Joost Joustra, Sin: the Art of Transgression (London: National Gallery Company, Distributed by Yale University Press, 2020). 96 pages; 80 illustrations, 235 x 160 mm portrait. ISBN: 9781857096651. £12.95.
“Many of the themes found in these pages”, Joustra writes, are “gather[ed] […] in a single object” (p. 38): the Table of Seven Deadly Sins attributed to Hieronymous Bosch or his workshop (1505–1510, Museo del Prado, Madrid). Although there is little explicit discussion of apocalyptic and millenarian tropes in this book, the Table encapsulates how the themes of this exhibition book will be of interest to CenSAMM readers.
This book is not a traditional exhibition catalogue: it draws on a considerably wider range of works than the 14 artworks on display. At 96 pages and generously illustrated with 80 images, it can be read in an afternoon, but should viewed more slowly. (Unfortunately, I cannot comment on the production quality as this review is prepared from a pdf kindly provided by the National Gallery.)
The Table is one of the many works that appears in the book and not the exhibition, and as the quotation above suggests, it earns its place in these pages. The panel painting is known as the Table of Seven Deadly Sins because it is thought to have originally been a table top. The sins of anger, pride, lust, sloth, gluttony, greed and envy are depicted in segments of a circle surrounding a central roundel with an image of Christ as the Man of Sorrows. In the four corners of the panel there are smaller circles with images of the Last Things: Death, the Last Judgement, Hell and Heavenly Glory.
Above and below the main roundel are scrolls with inscriptions that reinforce the causal connection between sin and the sinner’s end:
Gens absq [ue] [con] silio e [st] et sine prudentia // deutro [m] and 32 [um] // utina [m] sapere [n] t [et] i [n] telligere [n] t ac novissi [m] ap [ro] videre [n] t
For they are a nation void of counsel, neither is there any understanding in them. they were wise, that they understood this, that they would consider their latter end.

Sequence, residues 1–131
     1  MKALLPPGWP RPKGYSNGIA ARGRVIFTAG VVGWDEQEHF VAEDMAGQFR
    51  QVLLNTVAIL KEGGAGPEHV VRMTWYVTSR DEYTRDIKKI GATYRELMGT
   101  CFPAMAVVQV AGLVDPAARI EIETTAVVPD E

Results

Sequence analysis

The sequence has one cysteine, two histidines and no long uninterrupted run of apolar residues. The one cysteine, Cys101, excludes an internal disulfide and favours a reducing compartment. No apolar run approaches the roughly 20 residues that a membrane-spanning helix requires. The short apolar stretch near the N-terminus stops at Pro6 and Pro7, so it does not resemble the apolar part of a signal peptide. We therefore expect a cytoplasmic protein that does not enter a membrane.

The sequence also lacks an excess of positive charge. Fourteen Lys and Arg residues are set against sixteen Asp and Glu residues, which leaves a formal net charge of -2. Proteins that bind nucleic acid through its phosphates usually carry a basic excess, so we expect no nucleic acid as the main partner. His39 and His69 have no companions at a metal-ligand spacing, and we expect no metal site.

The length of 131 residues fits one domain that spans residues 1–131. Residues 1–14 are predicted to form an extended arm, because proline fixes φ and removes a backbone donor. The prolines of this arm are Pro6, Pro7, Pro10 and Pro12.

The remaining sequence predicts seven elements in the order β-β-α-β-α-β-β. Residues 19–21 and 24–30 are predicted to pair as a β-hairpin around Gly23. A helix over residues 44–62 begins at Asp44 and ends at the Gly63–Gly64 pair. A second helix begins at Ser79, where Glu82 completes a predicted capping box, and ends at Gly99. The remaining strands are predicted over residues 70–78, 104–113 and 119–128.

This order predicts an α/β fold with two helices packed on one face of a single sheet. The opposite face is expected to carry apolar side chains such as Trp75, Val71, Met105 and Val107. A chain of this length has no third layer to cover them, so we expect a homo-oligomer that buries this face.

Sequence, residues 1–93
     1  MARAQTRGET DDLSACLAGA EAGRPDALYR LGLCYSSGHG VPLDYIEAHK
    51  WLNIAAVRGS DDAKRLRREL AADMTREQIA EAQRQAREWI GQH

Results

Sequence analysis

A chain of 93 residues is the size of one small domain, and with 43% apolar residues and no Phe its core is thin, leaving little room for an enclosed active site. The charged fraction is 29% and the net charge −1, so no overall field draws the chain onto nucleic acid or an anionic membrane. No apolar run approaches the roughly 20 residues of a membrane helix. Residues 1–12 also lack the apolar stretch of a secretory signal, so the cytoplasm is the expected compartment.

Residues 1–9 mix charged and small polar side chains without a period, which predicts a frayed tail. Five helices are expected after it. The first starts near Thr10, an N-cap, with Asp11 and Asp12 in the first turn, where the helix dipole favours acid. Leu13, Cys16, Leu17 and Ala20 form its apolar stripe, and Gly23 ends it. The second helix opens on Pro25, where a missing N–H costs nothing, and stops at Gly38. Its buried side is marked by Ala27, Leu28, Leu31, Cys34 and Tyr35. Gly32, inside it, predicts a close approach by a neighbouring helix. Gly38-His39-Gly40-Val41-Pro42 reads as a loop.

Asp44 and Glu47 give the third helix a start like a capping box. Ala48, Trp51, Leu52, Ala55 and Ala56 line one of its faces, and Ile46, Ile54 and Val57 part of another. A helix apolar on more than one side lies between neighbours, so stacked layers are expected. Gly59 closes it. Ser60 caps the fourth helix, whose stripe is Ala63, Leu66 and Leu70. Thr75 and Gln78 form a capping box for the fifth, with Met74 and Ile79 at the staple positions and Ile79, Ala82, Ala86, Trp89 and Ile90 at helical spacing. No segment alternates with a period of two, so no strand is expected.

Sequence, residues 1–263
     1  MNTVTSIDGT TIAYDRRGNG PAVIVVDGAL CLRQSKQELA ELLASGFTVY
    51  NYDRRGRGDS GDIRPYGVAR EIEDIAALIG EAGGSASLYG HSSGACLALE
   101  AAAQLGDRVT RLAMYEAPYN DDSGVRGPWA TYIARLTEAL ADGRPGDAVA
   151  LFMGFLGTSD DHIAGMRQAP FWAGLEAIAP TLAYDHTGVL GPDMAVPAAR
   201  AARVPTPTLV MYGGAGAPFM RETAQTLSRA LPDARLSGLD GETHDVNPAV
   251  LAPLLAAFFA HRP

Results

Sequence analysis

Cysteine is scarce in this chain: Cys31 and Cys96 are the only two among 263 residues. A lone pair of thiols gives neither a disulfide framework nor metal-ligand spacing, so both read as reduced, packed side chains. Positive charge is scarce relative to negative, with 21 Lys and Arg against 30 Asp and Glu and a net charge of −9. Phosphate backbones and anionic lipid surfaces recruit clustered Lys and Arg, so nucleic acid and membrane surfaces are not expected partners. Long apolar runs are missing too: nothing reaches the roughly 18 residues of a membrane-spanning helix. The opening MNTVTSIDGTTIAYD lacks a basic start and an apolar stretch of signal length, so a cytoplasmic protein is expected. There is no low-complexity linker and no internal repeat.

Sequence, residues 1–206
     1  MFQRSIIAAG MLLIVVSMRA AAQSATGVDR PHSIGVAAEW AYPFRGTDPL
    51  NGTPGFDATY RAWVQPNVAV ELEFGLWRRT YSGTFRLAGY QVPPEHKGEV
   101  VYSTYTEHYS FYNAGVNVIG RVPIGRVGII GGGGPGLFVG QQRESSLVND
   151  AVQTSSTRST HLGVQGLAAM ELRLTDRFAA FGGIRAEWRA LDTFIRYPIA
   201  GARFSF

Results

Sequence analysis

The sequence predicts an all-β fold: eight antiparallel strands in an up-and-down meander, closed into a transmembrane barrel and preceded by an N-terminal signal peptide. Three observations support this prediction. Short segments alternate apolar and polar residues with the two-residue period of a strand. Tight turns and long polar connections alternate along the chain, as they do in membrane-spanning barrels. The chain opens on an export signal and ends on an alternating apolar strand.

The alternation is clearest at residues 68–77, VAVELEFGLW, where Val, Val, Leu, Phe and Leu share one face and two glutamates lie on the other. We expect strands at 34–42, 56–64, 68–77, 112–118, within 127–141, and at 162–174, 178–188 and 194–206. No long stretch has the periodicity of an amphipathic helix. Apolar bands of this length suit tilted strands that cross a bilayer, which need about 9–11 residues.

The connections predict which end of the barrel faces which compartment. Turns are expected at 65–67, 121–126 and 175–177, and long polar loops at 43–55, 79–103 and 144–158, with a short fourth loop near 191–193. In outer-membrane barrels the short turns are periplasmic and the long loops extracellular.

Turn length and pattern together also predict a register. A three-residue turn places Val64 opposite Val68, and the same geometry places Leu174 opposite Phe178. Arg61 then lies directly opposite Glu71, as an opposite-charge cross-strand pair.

Absconda [m] facie [m] mea [m] ab eis: et [con] siderabo novissi [m] a eo [rum]
I will hide my face from them, I will see what their end shall be.
(Translations of inscriptions from: Table of the Seven Deadly Sins [object description], Museo del Prado website.)
The message is reinforced in the inscription below Christ in the central circle: Cave cave d [omin] us videt: Beware, beware, the Lord is watching. The message to the viewer seems clear: sin now and fear the consequences when you meet your end. The gruesome tortures inflicted on the inhabitants of Hell in the bottom left circle may well have put diners off over-indulgent eating and other excesses depicted in the panel.
But as the book emphasises, sin is part of the human condition (p. 9), and its ubiquity can be observed in the “remarkably mundane” (p. 38) scenes of the seven sins in the Table. And, as Joustra zestfully puts it, “[l]uckily for humankind this is only part of the story” (p. 56).
The rest of the story is seen in the centre and right of the panel: Christ emerging from the tomb as the Man of Sorrows is the redeemer (centre), who brings the dead from their graves at the Last Judgement (top right) and welcomes the saved who have atoned for their sins into heavenly glory (bottom right) (cf. pp. 56–57).
Repentance as a way to salvation is discussed in a variety of works in a section of the book entitled “Painting and repenting” (pp. 70–84), although the works included are in a range of media. The dichotomies of sin and repentance, and salvation and damnation are most starkly represented in Andy Warhol’s Repent, and Sin No More (1985–86, Ed Freedman, Los Angeles, CA, USA), and Heaven and Hell are Just One Breath Away! (1985–86, private collection). While only the former appears in the exhibition, the two make sense as a pair; as Joustra puts it: